During our brief visit to the Sahara Desert on a tour of Morocco I took a series of photos of the desert, the plants of the desert and some of the tracks seen in the sand. I guess I expected the sand dunes to be pristine, perhaps a little windswept and certainly not covered in all kinds of tracks. Sure – a few footprints like those in the photo of our tour group shown above.
In some parts of the desert through which we travelled on our camel rides into and out of the Sahara I saw many wheel tracks as well. Some of the tracks were obviously those of people walking, larger ones were certainly camel tracks and yet others were motor bike and four wheel drive vehicles.
But what about those shown immediately below? Are they bicycle tracks? I didn’t see anyone riding a bike, but I guess that with the right tyres and plenty of energy it might be possible.
I have no doubt about the tracks shown in the following photo. I am almost certain that this photo shows the track of a small reptile, though it was obviously out and about before I had climbed the sand dune near our camp site. I have no idea what kind of reptile made this track. It may have been a small lizard or a skink or gecko. If my readers can identify this, please let me know in the comments.
Just as puzzling are the tracks shown in the photo below. Are they from a bird? They appear to be of a hopping bird but I am not totally convinced. The only birds I saw on our brief visit to this part of the desert were some House Sparrows near our camp site, and some blue-grey finch-like birds on the camel ride into the desert. Sadly, the motion of the camel I was riding prevented me getting an identifiable photo.
While I am not an expert on reptiles, this is one species with which I am familiar. The Red-bellied Black Snake is one of the most easily identified of Australia’s snake species. It can be quite aggressive and quite venomous.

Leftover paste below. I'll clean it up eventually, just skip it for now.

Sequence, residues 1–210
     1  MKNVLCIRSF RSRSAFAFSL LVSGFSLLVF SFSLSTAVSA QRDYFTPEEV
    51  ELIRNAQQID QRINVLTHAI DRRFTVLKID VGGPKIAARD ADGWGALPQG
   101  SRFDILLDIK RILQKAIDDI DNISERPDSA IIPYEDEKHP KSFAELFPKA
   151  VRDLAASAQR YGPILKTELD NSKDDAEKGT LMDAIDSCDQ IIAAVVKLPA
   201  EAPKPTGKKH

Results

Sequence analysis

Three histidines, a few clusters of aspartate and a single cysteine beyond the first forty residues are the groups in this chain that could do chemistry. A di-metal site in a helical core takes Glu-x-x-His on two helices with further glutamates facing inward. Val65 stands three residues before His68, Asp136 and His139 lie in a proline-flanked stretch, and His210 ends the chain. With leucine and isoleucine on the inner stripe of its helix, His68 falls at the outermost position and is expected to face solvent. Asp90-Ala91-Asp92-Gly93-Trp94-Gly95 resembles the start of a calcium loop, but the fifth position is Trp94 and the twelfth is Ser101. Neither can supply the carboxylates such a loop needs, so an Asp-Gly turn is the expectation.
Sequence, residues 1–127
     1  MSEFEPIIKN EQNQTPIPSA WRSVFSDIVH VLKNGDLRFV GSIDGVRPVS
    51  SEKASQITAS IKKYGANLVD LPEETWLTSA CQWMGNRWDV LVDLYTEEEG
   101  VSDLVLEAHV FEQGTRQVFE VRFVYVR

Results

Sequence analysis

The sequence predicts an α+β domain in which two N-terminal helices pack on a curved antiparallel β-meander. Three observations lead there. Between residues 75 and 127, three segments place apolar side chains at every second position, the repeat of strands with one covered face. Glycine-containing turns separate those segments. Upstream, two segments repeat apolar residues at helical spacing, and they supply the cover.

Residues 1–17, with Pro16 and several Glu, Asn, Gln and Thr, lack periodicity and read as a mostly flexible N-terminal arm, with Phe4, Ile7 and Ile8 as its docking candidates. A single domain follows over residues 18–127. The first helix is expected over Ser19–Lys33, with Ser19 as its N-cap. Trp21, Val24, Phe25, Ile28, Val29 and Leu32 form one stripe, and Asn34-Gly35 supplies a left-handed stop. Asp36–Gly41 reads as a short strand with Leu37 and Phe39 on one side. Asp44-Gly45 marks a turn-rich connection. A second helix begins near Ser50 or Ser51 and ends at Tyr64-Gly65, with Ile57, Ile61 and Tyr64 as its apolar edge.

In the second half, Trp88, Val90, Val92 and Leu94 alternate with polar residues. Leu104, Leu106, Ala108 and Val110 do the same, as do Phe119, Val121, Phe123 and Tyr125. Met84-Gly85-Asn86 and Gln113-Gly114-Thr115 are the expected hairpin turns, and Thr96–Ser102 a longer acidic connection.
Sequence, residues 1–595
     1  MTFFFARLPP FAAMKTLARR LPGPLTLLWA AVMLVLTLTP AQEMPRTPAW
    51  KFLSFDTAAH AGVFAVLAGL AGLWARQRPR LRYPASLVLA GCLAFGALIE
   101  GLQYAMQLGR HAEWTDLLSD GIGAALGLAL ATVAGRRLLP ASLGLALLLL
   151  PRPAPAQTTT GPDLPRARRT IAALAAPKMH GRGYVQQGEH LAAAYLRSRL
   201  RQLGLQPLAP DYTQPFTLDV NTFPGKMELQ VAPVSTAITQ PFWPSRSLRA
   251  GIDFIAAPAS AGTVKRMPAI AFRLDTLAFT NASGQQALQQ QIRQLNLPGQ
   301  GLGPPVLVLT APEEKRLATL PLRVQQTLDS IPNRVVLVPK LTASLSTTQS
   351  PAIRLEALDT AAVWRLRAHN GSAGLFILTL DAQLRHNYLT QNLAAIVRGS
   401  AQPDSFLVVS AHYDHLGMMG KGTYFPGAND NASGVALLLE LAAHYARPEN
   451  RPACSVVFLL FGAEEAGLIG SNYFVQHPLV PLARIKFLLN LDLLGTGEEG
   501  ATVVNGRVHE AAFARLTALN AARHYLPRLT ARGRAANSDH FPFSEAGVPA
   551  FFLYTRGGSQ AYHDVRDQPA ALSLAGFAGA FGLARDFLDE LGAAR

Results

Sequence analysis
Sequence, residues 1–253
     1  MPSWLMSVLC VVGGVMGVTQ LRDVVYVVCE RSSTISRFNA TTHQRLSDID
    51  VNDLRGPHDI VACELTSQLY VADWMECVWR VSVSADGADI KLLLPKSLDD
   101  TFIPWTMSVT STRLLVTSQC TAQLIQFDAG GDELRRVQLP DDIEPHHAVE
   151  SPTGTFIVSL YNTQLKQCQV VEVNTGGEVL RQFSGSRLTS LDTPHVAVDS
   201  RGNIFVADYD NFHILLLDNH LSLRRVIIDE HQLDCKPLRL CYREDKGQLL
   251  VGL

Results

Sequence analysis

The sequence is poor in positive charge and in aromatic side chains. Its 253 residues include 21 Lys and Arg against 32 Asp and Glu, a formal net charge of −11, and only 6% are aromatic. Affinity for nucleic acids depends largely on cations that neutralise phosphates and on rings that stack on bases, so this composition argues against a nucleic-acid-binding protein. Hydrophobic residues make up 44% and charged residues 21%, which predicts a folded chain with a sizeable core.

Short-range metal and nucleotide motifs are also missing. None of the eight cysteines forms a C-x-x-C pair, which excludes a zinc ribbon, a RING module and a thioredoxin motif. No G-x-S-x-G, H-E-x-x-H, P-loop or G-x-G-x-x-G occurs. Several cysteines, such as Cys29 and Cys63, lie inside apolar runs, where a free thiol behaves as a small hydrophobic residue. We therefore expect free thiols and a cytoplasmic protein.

I am happy to report that I’ve only ever seen this species on a handful of occasions. Probably the most dramatic was one that slithered over the top of my boot while I was engrossed in bird watching. I’m not sure if my feet touched the ground for several metres as I leapt away in fright. I guess the snake received just as big a fright. It sure shook me up for a few minutes. I prefer to watch snakes in the safety of zoo enclosures, like this one at Taronga Zoo in Sydney.
On our visit to Taronga Zoo in Sydney earlier this year I took a few good shots of various reptiles, including the lizards shown on this page. I am really floundering to identify these wonderful creatures. I wish I knew more about reptiles. If any of my readers can help me I’d be most grateful. Are they Chameleons?
Update: Thanks to one of my readers I can now put a name to these species. The top one is a Common Iguana from America, while the one below is one of the Fijian Iguanas.
I’m not really into reptiles and so I can’t remember what kind of lizard this one is. It was in the reptile house at Taronga Park Zoo in Sydney. If any of my readers can identify it, I’d be very grateful. This is also a reminder to myself to get hold of a good identification guide to reptiles.